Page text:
This is how Anthony V. Church, master of Keepers, a horse farm in this bucolic suburb of Nairobi, gets ready for bed.
First, he steps outdoors to look in on the night watchman, making sure the man has his whistle, his horn, his shield, his bow and arrow, his rungu (a wooden staff designed to knock heads) and that he is awake. He then returns to his house, draws the curtains, switches on the exterior security spotlights and locks all the windows and doors, including two hallway doors separating his bedroom from the front door.
In his bedroom, he checks the battery level on his bedside short-wave radio which he uses to communicate with a vigilante syndicate of 10 neighbors, all of whom have vowed, when a coded alarm is broadcast, to come running day or night with their guns loaded.
Finally, he removes his double-barreled 12-guage shotgun from his gun safe, loads it and leans it against the wall beside his bed, just under the silent-alarm button that, when pressed, dispatches a truckload of rungu-swinging private guards to Keepers within five minutes. Leaning against the wall beside the shotgun is a steel-tipped Masai spear.
Still, Church, who last year emptied his shotgun into two knife-wielding robbers as they burst into his bedroom, complains he is not sleeping soundly these days. And he is not alone.
One of Nairobi's periodic waves of gang robberies has crested here in Karen in recent months. Breakins by gangs of up to 30 young men, armed with pangas (a kind of machete), axes, crow bars and large stones, have become an almost nightly event. Typically, doors are battered open with stones in the middle of the night, a few gang members rush to the bedrooms and hold pangas to the throats of homeowners in night attire while their associates flee with stereo and video equipment.
In the past two weeks, these robberies have been tainted by what longtime Karen residents say is an unprecedented level of violence. On May 24, an 82-year-old man and his daughter were severely beaten by thieves in search of guns. Finley McNaughton remains in a Nairobi hospital with two broken arms.
Nine nights later, a British architect, his wife and a security guard were shot and killed by a gang member with a high-powered rifle. A total of five people, including two robbers, have been killed in Karen in the past three months.
Gang robberies and suburban gunplay last week pushed Kenya's President Daniel arap Moi to order police to "bring this undesirable situation to an end." Police in Karen have beefed up patrols, a private security company here has ordered bullet-proof vests for its guards and Karen residents say that now, as never before, they fear the coming of night.
"It has gotten to such a pitch that it is very difficult to relax and sleep," says Church, 46, owner of a safari tour company in Nairobi. His house has been attacked five times by panga gangs since 1982. "Every time there is a squeak in the house, one pops awake and reaches for the shotgun."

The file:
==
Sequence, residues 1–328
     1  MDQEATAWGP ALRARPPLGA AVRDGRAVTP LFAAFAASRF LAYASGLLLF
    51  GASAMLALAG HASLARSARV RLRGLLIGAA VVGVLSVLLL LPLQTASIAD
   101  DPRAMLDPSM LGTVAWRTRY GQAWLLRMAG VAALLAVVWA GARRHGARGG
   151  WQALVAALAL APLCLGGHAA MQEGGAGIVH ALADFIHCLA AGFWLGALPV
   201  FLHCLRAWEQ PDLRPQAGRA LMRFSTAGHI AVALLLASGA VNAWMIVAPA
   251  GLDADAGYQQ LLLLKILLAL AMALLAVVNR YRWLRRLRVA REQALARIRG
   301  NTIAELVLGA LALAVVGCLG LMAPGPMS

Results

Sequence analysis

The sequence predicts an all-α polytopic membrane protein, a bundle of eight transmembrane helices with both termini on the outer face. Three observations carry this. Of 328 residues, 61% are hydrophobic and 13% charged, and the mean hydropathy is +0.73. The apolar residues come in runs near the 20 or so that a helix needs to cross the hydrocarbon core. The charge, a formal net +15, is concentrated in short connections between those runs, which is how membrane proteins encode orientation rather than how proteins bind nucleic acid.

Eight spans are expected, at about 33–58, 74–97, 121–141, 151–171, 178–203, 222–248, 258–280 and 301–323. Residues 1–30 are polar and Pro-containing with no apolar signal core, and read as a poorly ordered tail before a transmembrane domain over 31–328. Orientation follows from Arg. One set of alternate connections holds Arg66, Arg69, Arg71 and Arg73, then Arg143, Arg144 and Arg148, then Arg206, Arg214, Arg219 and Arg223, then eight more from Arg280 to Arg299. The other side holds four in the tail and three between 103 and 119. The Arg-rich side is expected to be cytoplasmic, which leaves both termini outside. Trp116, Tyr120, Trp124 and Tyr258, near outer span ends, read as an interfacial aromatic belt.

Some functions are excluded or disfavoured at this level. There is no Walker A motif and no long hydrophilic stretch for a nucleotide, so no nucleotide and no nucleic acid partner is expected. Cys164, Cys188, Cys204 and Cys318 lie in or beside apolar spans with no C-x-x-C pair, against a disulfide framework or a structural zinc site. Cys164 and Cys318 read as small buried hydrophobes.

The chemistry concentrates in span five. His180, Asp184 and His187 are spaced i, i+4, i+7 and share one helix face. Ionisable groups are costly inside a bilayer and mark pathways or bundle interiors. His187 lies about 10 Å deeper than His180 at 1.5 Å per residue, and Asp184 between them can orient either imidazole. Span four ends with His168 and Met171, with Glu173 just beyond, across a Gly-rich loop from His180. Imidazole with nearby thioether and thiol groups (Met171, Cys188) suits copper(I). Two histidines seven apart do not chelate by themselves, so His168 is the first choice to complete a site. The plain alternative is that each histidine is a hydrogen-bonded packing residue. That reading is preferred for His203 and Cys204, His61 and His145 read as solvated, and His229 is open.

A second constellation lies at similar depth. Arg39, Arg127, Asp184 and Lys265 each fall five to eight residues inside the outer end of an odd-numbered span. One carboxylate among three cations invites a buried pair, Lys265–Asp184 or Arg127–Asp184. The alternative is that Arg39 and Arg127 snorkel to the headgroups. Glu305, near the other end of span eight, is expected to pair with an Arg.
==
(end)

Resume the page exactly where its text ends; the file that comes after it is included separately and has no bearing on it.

This horsey suburb of well-trimmed hedges, well-oiled English saddles and well-heeled expatriates, white Kenyans and black Kenyan government officials draws its name from the Danish Baroness Karen von Blixen. She lived here a half century ago and, under the pen name Isak Dinesen, painted idyllic word pictures of what then was a 6,000-acre highland coffee farm in the shadow of the Ngong Hills about 12 miles outside Nairobi.
"Up in this high air you breathed easily, drawing in a vital assurance and lightness of heart," the baroness wrote in her famous book, "Out of Africa." "In the highlands you woke up in the morning and thought: Here I am, where I ought to be."
That, of course, was before the panga gangs. One 60-year-old woman who has been "done" by the gangs twice in the past 10 days, and who refuses to allow her name to be published for fear of a third revenge attack, says she now wakes up in the morning in her Karen home exhausted from a long night's fretting.
"About an hour after dark, I am so afraid I can hardly swallow my food," says the woman, a British expatriate horse breeder who, with her husband, has lived for 26 years in East Africa. "I've got two guards, five dogs, a silent-alarm securty button, sirens and flashing lights on the roof, but after a couple hours at night in this house, I get this panicky feeling I've got to get out."
Latter-day devotees of Isak Dinesen -- whose book "Out of Africa" was just filmed here -- have had to make their own adjustments to Karen's crime problem. For the film, a big-budget Universal Pictures production directed by Sydney Pollack and starring Meryl Streep and Robert Redford, security was extremely tight. The set was ringed with security patrols. A 5,000-volt electric fence was built around Anthony Church's farm, which boarded 160 horses and oxen used in the film.